• Do you find this question helpful?  Yes  No
  • From sarah at 5/11/11 12:26 PM
    • These look fantastic. We want to grow raspberries. Any experience or advice to give us about the viability of this in raised beds?


      - Sarah
    • Raspberries will do well in raised beds. Raised beds also have the benefit of providing a solid frame on which to build a suppot for netting. You will likely want to net rasberries from the birds.
    • Do you find this question helpful?  Yes  No
  • From Dave at 6/2/11 5:13 PM
    • We have 2 ( 8' x 4' )planter boxes stacked and it is setting on unlevel ground. To bring the boxes level we used paver bricks like retaining wall around under and in the ground. Places were we have 3 level of pavers we use retaining wall glue, so they would not shift. I though I might need to glue pavers on the inside of the box to keep them from moving off the top bricks, or will just filling with dirt keep it from moving.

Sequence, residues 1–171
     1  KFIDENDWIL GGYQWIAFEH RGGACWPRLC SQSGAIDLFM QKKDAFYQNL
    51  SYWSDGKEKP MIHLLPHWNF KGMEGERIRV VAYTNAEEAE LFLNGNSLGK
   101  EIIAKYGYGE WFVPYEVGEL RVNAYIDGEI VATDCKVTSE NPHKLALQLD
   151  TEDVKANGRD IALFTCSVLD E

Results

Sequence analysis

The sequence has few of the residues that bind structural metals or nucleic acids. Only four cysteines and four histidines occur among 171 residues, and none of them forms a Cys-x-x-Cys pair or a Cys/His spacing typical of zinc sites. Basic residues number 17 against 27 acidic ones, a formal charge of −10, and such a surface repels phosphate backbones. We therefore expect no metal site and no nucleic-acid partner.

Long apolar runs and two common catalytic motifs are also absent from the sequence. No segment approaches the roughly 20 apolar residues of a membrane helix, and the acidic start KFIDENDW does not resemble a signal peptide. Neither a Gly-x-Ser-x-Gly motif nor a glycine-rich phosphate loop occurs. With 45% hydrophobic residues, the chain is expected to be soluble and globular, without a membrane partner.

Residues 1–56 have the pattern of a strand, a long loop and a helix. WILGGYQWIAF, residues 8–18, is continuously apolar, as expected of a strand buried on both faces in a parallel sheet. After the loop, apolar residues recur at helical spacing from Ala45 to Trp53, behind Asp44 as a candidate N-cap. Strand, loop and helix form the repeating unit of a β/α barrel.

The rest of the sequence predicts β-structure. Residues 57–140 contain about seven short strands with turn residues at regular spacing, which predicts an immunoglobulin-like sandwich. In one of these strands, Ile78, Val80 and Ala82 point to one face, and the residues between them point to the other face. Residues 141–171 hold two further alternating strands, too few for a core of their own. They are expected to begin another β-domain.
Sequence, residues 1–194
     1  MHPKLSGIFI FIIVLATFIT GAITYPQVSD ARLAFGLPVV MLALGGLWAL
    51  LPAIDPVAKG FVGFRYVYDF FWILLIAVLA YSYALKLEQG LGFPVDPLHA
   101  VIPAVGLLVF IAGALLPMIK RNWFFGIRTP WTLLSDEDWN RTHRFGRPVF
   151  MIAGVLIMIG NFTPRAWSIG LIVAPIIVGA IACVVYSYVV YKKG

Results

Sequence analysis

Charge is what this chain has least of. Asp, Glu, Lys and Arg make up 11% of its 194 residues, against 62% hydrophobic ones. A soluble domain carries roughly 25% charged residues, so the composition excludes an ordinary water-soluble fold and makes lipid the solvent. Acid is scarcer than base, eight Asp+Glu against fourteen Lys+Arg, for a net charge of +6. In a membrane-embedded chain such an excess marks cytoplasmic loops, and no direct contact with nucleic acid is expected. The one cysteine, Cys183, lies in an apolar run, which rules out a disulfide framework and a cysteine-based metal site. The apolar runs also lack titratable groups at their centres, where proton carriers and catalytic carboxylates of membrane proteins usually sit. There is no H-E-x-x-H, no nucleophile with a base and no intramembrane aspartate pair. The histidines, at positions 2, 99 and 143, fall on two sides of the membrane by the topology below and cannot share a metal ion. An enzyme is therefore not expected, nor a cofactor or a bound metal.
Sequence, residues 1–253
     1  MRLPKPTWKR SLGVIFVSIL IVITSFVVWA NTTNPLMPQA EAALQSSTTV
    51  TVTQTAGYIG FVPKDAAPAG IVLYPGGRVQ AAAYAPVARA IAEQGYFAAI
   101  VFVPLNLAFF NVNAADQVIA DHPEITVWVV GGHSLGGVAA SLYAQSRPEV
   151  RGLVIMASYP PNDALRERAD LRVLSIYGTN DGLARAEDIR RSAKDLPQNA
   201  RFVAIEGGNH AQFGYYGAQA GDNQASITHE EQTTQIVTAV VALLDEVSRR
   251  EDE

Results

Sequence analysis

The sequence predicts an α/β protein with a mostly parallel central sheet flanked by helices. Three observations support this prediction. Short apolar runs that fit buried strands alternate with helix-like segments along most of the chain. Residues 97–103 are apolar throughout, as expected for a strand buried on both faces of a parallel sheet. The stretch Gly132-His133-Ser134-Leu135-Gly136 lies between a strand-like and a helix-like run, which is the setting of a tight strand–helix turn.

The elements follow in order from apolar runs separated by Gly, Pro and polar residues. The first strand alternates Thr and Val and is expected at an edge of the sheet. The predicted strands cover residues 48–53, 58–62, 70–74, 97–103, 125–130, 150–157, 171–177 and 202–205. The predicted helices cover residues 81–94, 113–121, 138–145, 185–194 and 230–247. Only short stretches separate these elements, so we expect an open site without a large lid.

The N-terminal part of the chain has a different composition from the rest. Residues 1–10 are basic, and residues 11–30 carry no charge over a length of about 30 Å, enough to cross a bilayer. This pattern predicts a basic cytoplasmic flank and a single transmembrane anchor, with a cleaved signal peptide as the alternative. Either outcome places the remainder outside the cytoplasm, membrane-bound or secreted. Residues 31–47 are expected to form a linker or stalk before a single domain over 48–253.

• The weight of the soil in the beds will keep them from moving. No problem.
    • Do you find this question helpful?  Yes  No
  • From Evan at 6/19/11 12:47 PM
    • I would like to stack a 4x4 box in the center of a 4x8 box to create a deep center box with two narrow, shallow boxes on either side. Will your boxes support this kind of setup? or are there any protruding edges etc that might make stacking them this way unstable?

    • You can arrange the beds in the way you describe to get a "two-step" raised bed effect. It's a nice looking layout. You will have no problems at all with these beds. They will be planty stable without needing any modifications.
    • Do you find this question helpful?  Yes  No
  • From Gabrielle Wolfsberger at 7/7/11 5:54 AM
    • The naysayers around me say that the wood will rot.

      How many years until the wood rots and the bed desintegrate?
    • The Farmstead raised beds are made of Vermont white cedar which is a naturally rot resistant wood. Of the various types of cedar, Vermont white cedar is one of the toughest, which is why the mortise/tenon joinery holds up so well.